Then do something good for yourself. Pat a cat. Watch the rain take a tiny bit off the edge of the drought. Heck, go buy yourself something nice in a Cyber Week sale. Whatever it takes. Hang in there.

Happy Thanksgiving

Happy Thanksgiving.

This post was written ahead of time, so if you were expecting to find commentary on how well the Bay Bridge handled last night’s earthquake, you’re about to be disappointed.

Oh, who am I trying to kid? If you’re reading this post, it means there wasn’t a quake large enough to affect the bridge. Anything else up to and including an asteroid impact, Google giving away self-driving cars, or bacon being found to prevent heart attacks, will have to wait until Tuesday.

Moving on.

As usual, I have many things to be thankful for–family, friends, health, the opportunity to pursue a career I love, etc., etc.–none of which I’m going to talk about beyond this paragraph. Instead, I’m going to blather on for a while about my newest reason to be thankful. If those of you who normally flee screaming from baseball posts will give me a moment…OK, my earplugs are in. You may begin screaming.

This off-season the Mariners have a new General Manager who has, of course, brought in a new philosophy of roster construction. I’m thankful because, to be blunt, the previous approach wasn’t working.

That’s not to say I’m totally thrilled with the new focus, but at least it’s different. For the past several years, the previous GM, Jack Zduriencik, seemed to be on an endless quest to find the one bat that would put the team over the top. Unfortunately, the Mariners live under a curse. With the notable exception of Nelson Cruz, players brought in specifically to provide offense mysteriously fall on their faces. The extreme example: more than a decade after his departure, the mere mention of Jeff Cirillo can reduce Seattle fans to tears.

So now we have Jerry Dipoto. His goal for the Mariners? “We see ourselves as a run-prevention club. You can create a lot of advantage playing good defense. We also see our overall team defense as our biggest area in need of improvement. We want to get more athletic and more defensive-oriented in the positions where we can.”

I can’t argue with that. Better run prevention, especially in the late innings, could have made a huge difference in the Ms’ record last year. They lost 27 games on their opponents’ last at-bat. Had they won six of those games–less than a quarter of them–they would have finished the year at 82-80. (Granted, that’s worse than 2014 and would still have only been good for fourth in their division, but finishing over .500 at least gives a veneer of respectability.)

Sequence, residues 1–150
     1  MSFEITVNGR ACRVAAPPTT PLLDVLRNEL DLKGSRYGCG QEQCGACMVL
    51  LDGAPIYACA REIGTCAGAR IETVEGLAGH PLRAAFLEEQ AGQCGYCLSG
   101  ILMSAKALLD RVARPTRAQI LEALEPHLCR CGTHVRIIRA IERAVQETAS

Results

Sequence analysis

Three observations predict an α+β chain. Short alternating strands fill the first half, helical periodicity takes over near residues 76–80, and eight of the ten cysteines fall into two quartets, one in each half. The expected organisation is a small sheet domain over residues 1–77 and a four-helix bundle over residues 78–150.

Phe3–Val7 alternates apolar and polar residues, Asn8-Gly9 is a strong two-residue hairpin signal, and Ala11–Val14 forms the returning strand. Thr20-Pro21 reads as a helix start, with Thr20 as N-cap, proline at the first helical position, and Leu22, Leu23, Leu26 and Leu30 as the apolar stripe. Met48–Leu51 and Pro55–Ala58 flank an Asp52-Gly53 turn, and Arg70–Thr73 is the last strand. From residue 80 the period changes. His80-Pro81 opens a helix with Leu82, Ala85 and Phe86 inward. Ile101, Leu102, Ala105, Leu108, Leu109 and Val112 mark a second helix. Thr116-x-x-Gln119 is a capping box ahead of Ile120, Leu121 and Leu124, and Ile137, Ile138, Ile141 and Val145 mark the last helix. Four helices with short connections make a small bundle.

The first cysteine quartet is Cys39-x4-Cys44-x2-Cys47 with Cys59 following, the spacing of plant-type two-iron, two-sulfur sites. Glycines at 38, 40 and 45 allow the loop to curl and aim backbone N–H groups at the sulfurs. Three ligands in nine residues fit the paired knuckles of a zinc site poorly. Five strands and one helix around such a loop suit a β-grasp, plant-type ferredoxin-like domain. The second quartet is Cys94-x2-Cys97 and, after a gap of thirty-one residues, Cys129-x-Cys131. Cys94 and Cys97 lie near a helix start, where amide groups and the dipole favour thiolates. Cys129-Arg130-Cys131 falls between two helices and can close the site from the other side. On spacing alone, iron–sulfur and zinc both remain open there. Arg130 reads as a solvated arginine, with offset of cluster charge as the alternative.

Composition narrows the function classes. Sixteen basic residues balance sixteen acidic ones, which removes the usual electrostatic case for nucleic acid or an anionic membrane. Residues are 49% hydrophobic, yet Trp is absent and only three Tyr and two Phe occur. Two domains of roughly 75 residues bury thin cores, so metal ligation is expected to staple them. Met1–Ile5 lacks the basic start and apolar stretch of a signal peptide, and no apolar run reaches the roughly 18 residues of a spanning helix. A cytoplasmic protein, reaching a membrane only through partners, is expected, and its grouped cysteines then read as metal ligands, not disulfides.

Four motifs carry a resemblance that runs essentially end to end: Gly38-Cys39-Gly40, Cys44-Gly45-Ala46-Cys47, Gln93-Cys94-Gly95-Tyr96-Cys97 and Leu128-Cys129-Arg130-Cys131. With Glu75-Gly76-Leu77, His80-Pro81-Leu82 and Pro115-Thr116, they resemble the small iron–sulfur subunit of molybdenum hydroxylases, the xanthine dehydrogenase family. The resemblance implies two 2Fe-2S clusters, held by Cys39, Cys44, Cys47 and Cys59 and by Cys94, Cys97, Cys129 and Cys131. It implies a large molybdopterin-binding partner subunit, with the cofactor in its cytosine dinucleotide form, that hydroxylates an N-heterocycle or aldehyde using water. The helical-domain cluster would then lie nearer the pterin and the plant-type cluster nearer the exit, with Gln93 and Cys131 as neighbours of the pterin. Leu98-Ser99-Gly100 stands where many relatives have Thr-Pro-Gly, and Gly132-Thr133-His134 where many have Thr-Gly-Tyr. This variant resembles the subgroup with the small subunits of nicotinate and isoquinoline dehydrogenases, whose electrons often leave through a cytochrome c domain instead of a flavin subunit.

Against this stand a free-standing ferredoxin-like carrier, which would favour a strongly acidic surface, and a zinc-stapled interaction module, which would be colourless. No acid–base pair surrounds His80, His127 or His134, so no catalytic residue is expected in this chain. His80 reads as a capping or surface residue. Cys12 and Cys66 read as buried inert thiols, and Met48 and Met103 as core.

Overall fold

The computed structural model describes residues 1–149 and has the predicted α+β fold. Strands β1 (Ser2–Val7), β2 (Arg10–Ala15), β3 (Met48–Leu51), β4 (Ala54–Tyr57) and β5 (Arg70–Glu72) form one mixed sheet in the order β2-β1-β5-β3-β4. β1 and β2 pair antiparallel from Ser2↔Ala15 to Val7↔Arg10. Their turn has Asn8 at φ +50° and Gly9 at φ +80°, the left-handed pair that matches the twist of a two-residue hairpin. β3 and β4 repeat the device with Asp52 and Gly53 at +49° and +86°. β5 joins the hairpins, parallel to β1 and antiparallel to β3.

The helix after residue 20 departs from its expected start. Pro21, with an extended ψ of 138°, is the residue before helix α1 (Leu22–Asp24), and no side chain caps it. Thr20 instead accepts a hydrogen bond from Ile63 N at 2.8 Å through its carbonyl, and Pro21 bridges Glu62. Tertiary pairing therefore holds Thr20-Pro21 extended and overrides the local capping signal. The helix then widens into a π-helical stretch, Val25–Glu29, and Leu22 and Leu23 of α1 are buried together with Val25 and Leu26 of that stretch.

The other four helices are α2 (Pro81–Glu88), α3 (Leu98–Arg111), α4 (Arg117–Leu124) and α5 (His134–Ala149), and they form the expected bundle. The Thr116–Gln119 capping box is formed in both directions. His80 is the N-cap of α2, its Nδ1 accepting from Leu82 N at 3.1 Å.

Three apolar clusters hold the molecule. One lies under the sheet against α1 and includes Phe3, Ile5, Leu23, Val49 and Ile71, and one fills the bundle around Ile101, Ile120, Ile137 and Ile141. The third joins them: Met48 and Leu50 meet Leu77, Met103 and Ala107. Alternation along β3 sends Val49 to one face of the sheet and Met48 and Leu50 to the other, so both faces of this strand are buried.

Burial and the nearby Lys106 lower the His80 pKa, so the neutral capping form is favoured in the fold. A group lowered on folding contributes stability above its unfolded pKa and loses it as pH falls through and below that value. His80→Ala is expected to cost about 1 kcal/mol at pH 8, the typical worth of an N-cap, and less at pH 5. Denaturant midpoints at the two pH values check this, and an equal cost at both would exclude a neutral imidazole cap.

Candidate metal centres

But.

Jerry, please don’t forget about the offense while you’re beefing up the defense, huh? As I’ve said more than once, defense doesn’t win games, it just prevents you from losing them. To win, you have to score runs. Ask the Mets about their World Series performance. So, yeah, can we hold on to some of the bats that are producing? Thanks in advance.

Oh, and Jerry? It’s OK to take the day off. No need to pull off a Thanksgiving Day trade. Just kick back, eat some turkey, watch a little MST3K, listen to Alice’s Restaurant, give the Backyard Bunch a treat, and chill*. You can find us the right fielder of our dreams tomorrow.

* Yeah, that’s actually my plan for the day. So? I highly recommend it to everyone.

Unrepentant

As Yeats almost said, “Things fall apart; the bullpen cannot hold.”

For a while there, I was wondering if I should apologize to Jackie. After all, it was the Mariners’ pitchers who gave up those three runs in the eighth inning to give her Orioles hope.

But on further reflection, I don’t think I will. Even after the Ms won the game, the Orioles still had a 57-55 record. Even after winning the game, the Mariners were still eight games under .500. The Ms just needed the win more. And that whole “home teams won all fifteen games” thing is kinda neat. You all know how much I enjoy seeing something that’s never happened in baseball before.

Something else I’m not going to apologize for: Yesterday’s Mariners’ victory over the Orioles. The Os are still a game over .500, the Ms’ are still seven games under. And, more importantly, in a disappointing season, the Mariners gave their fans something to be unequivocally delighted about. Rather, pitcher Hisashi Iwakuma did it.

I talked about no hitters last year when Tim Lincecum did it for the Giants, so I won’t repeat any of the general facts here. A few specific facts: Kuma’s no hitter was the first one in the American League since 2012. The previous one was Felix’ perfect game, and the one before that was the unprecedented “six different pitchers contributed” no hitter. So the Mariners have the last three no hitters in the American league. Nifty.

More to the point, it’s a peak performance for Kuma*. For the past couple of seasons, he’s fought injuries that have prevented him from showing his full potential. It’s a relief to see him overcome his problems and remind us all why we love him.

* I’m on record as believing that no hitters and perfect games can’t be credited entirely to the pitcher, and I stand by that. But even with all the help the team provides in the field, it still takes a pitcher at the absolute upper edge of his abilities–as well as a lot of luck–to make it happen.

So, sorry Jackie. No apologies.

But your boys can rest up on their day off today and enjoy the perfect weather here in the Bay Area. Tomorrow they face the As; I hereby give them permission to sweep the series–regardless of the possible negative impact on the Mariners’ planned September miracle–because that’s just how I feel about the As.

The Mariners also have today off–they’re heading for Boston–and I’ll spend today savoring yesterday’s display of brilliance.